Are [Yu Ki]dding Me?: Our Social Distractions

“I didn’t start my homework until 11:32 last night!” As adolescents, teens may suffer from the seemingly incurable plague of procrastination. It lingers around them always and prevents them from effectively using their time. But what made this epidemic so widespread that it envelopes nearly all teenagers? I would argue: Facebook.

Facebook recently hit one billion users on October 4. Meanwhile, 80 percent of teens between the age of 12 – 17 are shown to actively use social media, according to The Huffington Post. Many students at the school use Facebook regularly. However, numerous studies have shown that heavy social media users do in fact perform poorly in academics relative to occasional users and those who don’t have an account.
Facebook distracts us through its ability to tempt us to interact with friends. I have all too often fallen victim to the inability to stay away from Facebook chat. And, as you may know from experience, it is just as hard to stop conversation that has started online as it is with somebody face-to-face. In the end, I am either gossiping or helping somebody else on their work while zero progress is made on my own.

Well, if it’s so distracting, why do teens continue to use it on a daily basis?

It’s simple: they want a sense of belonging. According to Maslow’s Hierarchy of Needs, people prioritize their need to belong the highest out of all the non-life essential needs. Acknowledgment from others is where all of our social confidence blossoms. This is what makes Facebook so appealing to teens, because it gives them the opportunity to be recognized through comments on their pictures and posts.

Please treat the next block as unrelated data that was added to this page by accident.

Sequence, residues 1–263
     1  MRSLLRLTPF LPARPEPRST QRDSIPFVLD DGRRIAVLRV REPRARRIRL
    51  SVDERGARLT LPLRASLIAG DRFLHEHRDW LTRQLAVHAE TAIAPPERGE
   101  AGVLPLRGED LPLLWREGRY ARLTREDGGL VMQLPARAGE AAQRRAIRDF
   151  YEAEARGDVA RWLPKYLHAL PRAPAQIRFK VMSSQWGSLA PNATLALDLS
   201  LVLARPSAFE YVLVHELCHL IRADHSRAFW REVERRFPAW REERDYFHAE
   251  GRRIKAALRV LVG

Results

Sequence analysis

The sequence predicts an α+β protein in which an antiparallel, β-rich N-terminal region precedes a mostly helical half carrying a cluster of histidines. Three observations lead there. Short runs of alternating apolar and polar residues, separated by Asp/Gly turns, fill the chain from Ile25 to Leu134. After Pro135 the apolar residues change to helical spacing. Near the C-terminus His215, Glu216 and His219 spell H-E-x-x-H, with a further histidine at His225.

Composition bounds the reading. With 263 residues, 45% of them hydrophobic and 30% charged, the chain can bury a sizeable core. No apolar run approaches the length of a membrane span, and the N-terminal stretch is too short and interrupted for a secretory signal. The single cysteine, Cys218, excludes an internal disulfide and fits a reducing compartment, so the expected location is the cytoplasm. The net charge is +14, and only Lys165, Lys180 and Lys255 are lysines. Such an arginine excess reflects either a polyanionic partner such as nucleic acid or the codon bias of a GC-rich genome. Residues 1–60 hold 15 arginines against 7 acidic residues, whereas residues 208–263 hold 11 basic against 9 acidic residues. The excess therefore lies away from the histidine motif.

It’s also what makes it so addictive, since teens need to be a part of the “loop” constantly. So much socializing occurs on Facebook everyday that teens can feel left out if they doesn’t log on for a whole 24 hours. This explains why average Facebook users spend a whopping 15 hours a month on the site, according to Browser Media.
We need to recognize priorities. Just understanding that doing any schoolwork comes before chatting with friends is already a huge milestone. And if teens lack the discipline (which many of us do), digitally blocking or even deactivating their account during a busy week will definitely beneficial. Trust me, you will “like” your increased efficiency.